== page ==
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Transitioning to eCommerce: A Bookkeeper's Perspective (Part 2)

May 12, 2016 7:00:00 AM Kathy Dise eCommerce

Are you considering taking your business online?  An established distributor who now is moving into the eCommerce realm called me. She was concerned that QuickBooks Desktop would not be able to meet the needs of her WordPress website based eCommerce business. She is representing 11 manufacturers and never takes possession of the inventory. Customer orders will be for products from multiple companies. She wanted to know how she will process orders without purchasing an expensive program.

Here are some of her concerns:

When an order comes in, can QuickBooks generate a sales order that can be converted into multiple purchase orders?


  1. Add your customer information for a day using the Add Multiple under the List Tab. You can cut and paste. 


  2. List the preferred vendor for items to make the work flow seamless. 
    Enter the sale price correctly. 
    Items are Non-Inventory Parts. 
    Check the box that says I buy and sell this part.
    Items can also be updated quickly using the Add Multiple under the List Tab.

  3. Create the Sales Order.
    Customer and Item are already listed in QB.
    Save then Create a Purchase Order.Screen_Shot_2016-05-11_at_9.01.02_PM.png
  4. Check Create purchase order for selected items.
    Drop ship to customer. Click OK.Screen_Shot_2016-05-11_at_9.01.14_PM.png
  5. Choose the first item being purchased. Click OK.Screen_Shot_2016-05-11_at_9.01.25_PM.png
  6. Here is your purchase order. Notice the Drop Ship Information.Screen_Shot_2016-05-11_at_9.01.37_PM.png

My question to her was how and when will you be getting paid? In her case, the website will generate a payment through a merchant service. How does that money flow into her account?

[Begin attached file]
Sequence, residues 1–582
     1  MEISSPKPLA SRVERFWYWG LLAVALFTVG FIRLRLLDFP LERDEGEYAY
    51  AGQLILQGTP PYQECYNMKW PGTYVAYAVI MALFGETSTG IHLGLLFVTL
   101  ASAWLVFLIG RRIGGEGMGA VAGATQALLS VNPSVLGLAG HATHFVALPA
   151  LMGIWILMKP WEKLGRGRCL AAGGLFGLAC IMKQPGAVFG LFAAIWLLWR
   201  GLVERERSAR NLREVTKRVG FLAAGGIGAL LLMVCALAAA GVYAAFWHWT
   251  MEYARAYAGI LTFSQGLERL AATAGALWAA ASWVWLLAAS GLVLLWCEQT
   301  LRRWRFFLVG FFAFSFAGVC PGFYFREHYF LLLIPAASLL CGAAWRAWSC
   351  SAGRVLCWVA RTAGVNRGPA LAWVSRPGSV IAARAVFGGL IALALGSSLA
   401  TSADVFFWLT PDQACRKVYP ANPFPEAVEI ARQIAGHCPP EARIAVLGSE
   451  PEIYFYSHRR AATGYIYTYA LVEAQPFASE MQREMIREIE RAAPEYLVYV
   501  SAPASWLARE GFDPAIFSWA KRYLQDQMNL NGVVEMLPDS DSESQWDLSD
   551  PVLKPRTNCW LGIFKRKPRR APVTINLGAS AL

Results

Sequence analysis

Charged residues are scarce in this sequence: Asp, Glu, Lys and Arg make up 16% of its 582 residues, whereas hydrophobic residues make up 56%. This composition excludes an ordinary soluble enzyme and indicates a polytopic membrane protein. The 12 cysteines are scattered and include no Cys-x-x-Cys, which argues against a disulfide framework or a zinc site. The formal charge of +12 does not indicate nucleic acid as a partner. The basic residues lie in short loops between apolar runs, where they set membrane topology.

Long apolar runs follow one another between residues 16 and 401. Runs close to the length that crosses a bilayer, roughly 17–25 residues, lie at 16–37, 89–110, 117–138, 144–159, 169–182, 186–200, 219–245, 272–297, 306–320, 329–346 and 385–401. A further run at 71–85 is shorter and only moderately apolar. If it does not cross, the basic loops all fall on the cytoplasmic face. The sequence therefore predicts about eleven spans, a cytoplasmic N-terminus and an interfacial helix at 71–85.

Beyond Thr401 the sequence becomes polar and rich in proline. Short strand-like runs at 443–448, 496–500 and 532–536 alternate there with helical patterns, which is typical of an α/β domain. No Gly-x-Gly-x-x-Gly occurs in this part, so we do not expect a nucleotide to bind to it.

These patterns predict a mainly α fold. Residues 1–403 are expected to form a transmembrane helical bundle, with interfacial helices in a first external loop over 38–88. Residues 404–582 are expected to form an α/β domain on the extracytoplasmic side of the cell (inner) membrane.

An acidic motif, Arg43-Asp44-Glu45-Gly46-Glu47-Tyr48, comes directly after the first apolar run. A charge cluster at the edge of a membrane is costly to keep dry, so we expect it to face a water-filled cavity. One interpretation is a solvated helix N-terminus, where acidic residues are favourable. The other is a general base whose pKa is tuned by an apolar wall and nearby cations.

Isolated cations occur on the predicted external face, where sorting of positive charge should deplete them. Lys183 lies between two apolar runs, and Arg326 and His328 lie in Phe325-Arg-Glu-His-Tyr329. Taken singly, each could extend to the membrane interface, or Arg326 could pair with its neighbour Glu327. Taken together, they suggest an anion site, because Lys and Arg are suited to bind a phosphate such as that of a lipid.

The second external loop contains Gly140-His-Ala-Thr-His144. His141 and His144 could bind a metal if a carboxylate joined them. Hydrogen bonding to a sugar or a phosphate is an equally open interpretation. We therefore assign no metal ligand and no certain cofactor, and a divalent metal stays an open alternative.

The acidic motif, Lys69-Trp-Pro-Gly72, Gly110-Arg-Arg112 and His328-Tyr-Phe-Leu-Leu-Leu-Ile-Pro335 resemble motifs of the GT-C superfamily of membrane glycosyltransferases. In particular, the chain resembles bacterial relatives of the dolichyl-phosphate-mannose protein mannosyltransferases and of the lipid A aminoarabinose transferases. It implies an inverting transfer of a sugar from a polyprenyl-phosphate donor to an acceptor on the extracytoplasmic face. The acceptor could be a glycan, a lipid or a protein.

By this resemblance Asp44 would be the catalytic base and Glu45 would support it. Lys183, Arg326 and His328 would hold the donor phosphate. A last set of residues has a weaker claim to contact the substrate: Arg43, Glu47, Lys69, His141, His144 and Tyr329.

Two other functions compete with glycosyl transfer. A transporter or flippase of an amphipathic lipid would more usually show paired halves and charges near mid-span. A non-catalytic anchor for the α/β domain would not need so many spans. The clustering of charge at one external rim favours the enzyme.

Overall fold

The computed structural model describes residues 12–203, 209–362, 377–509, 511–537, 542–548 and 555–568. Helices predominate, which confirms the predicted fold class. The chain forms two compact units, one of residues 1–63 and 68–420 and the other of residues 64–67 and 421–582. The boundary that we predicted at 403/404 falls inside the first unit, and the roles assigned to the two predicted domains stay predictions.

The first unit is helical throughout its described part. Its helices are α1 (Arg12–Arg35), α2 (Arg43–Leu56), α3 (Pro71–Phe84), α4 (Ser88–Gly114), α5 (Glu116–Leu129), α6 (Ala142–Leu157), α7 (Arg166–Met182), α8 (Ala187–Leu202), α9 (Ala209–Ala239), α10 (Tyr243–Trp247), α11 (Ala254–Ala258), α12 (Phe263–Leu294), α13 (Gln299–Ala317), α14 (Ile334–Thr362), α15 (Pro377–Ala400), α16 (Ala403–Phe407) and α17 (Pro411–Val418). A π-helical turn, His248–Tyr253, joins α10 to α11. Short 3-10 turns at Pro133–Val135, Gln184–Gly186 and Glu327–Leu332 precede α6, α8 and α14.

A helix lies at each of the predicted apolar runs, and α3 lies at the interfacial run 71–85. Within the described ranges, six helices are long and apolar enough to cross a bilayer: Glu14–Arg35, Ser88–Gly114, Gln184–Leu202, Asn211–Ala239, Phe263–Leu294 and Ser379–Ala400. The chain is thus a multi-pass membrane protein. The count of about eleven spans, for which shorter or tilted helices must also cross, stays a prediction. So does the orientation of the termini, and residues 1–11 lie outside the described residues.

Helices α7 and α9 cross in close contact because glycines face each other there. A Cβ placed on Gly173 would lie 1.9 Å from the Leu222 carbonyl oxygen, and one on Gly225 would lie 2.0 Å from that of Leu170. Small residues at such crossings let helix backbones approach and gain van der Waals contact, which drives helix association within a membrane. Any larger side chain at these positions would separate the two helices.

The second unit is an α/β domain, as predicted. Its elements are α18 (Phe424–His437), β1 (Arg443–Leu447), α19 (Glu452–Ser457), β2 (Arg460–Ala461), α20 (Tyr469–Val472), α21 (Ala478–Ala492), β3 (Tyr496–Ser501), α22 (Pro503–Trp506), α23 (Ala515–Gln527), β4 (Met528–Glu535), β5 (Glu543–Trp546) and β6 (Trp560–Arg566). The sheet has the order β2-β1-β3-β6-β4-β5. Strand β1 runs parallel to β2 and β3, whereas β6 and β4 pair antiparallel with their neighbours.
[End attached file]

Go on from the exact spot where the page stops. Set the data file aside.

1. You start with an Invoice. A pop up will ask you if the invoice is based on a Sales Order. Check the correct Sales Order.
  2. Another pop up asks if the client is paying for one or more item. This is a great feature for when you are collecting funds as goods are shipped. Check the correct box for your situation.Screen_Shot_2016-05-11_at_9.01.57_PM.png
  3. Your invoice is automatically generated. Save. Receive payment.Screen_Shot_2016-05-11_at_9.02.08_PM.png
  4. Include the reference number for the Merchant Charge. Save.Screen_Shot_2016-05-11_at_9.02.19_PM.png
  5. Now get the funds into your checking account.
    Go to your Merchant Services report.
    Find the amount deposited that day and the clients that make up the payment.
    In QuickBooks, go to Banking – Make Deposit.
    Click all the clients to make the amount agree with the Merchant Service Report (take fees at the next window).
    Click OK.
  6. Choose the correct bank account the money is flowing into.
    Add the merchant fee if there is one as a negative number.
    Verify the amount of the deposit agrees to the amount that hits your bank account.Screen_Shot_2016-05-11_at_9.02.34_PM.png

Don’t hesitate to call if you have any questions about this process.

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Kathy Dise

Written by Kathy Dise

Kathy has over 30 years experience helping small businesses succeed. As a commercial lender, commercialization expert and now as a QuickBooks diamond level advisor, Kathy understands the challenges small business owners face. Her experience helps business owners quickly accomplish their financial goals. As the owner of BudgetEase, Kathy works with clients to develop a plan to efficiently process 1,000s of small transactions so owners can make informed decisions. She lives in Shaker Heights, OH with her husband Ralph and enjoys golf, curling and walking in Cleveland’s fabulous Metro Parks.